Exactly. In the early days, it didn't require, for example, we weren't necessarily creating a new category. You could explain to an engineer like, "Hey, where's your server today?" They'd say, "Oh, it's in our data center in Austin, Texas." I'd say, "Okay. Well, what if that server were on the East Coast? Would it make much difference?" Like, "No, I know how to use a server." "Okay, great, but what happens if you could provision that server in three seconds with a single API call as opposed to filing a ticket waiting three days?" They're like, "Oh, okay. Sounds promising." And that's how you start.

Michael Grinich (19:11):

Last question for you before we wrap up. A lot of people I think listening to this podcast are earlier stage founders or people building product, going through that transformation moving upmarket. What advice would you give them based on your experience really in cloud infrastructure and dev tools in the last 15 years. For people just starting to develop their business models and think about how to scale their business, what advice would you give that audience?

Zee Yoonas (19:35):

First and foremost, have a very clear picture of who the customer is you want to serve. And when I talk about customer, think about the human and what that human does day to day. Once you have clarity on who that human is you're serving, then you can have a maniacal focus on improving their life and it becomes very personal at a point. And if you can improve their life, then you're going to have at least a much more obvious path on how you can improve your service, how you can message your service, how you can sell your service because you have a very concrete example of one person you're trying to please. Now, if you've chosen that persona well, if you've chosen that customer well then ideally there's going to be hundreds if not thousands, if not tens of thousands of those type of people in the world that you can then continue to build for, get beyond the broad, top down market sizing, I'm going to attack this opportunity because the spreadsheet says it can be a compelling opportunity. It's like, we try to narrow it down, make it a very human equation, and focus on that human to start and then iterate quickly.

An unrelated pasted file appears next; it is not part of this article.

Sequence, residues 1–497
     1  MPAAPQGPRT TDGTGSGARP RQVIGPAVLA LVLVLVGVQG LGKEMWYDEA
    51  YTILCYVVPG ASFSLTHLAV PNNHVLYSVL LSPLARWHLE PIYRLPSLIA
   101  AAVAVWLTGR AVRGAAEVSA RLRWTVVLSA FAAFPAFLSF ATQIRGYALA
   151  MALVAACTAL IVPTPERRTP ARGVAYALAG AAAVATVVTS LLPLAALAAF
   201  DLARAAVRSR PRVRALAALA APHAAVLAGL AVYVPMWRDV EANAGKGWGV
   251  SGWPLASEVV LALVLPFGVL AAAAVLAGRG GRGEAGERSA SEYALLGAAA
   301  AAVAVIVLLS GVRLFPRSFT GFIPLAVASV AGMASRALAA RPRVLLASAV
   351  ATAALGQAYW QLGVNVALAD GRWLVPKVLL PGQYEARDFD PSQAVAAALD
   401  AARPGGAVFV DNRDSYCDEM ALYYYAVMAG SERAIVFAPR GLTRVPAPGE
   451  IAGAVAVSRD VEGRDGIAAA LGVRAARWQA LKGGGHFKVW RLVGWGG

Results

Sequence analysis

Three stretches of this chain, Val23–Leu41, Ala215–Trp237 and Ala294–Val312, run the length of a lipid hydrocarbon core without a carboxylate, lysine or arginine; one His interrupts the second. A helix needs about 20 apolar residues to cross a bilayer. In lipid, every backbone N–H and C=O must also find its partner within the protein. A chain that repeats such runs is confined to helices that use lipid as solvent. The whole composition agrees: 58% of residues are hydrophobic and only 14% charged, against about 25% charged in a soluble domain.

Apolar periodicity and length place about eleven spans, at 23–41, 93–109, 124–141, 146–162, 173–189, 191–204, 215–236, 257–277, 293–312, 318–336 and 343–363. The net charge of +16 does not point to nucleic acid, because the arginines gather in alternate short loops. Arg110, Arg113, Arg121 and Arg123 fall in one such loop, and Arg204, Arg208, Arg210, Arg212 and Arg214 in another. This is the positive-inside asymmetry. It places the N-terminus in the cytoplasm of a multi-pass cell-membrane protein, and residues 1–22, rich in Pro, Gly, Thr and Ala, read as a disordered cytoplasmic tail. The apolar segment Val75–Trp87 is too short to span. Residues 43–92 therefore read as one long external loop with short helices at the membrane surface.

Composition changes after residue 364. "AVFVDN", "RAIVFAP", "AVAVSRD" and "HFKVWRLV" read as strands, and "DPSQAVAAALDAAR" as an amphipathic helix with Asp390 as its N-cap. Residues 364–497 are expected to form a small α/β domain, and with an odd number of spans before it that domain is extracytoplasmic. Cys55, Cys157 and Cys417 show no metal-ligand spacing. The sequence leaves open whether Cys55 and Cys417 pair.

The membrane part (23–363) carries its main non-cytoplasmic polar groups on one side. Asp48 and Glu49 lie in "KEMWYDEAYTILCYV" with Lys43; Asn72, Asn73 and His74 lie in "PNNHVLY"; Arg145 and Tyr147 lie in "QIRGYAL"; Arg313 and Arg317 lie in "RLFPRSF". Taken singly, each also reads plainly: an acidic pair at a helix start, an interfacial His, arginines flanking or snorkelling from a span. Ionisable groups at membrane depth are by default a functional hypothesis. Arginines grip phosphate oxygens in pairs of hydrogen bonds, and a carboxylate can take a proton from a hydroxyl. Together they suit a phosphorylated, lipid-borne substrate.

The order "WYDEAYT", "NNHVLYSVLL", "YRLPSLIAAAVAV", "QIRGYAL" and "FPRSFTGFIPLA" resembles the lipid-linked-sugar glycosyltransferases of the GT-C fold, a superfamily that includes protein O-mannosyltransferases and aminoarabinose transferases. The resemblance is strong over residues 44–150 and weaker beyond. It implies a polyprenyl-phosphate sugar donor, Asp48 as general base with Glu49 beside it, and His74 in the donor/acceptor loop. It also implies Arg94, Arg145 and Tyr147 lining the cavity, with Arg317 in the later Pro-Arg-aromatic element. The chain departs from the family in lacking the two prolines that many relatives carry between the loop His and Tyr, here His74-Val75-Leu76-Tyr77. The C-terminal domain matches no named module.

Michael Grinich (20:39):

Zee, I'm totally thrilled to have you at WorkOS, to have you have joined the company to build a business for today and beyond. And thanks so much for joining today to share some of these insights with our audience.

Zee Yoonas (20:51):

Thrilled to be on the team, Michael, and looking forward to the weeks, months, and years ahead.

Michael Grinich (21:00):

You just listened to Crossing the Enterprise Chasm, a podcast about software startups and their journey moving upmarket to serving enterprise customers. Want to learn more about becoming enterprise ready? The WorkOS blog is full of tons of articles and guides outlining best practices for adding features like Single Sign-On, SCIM provisioning and more to your app. Also, make sure to subscribe to this podcast so you're first to hear about new episodes with more founders and product leads of fast-growing startups. I'm Michael Grinich, founder of WorkOS. Thanks so much for listening and see you next time.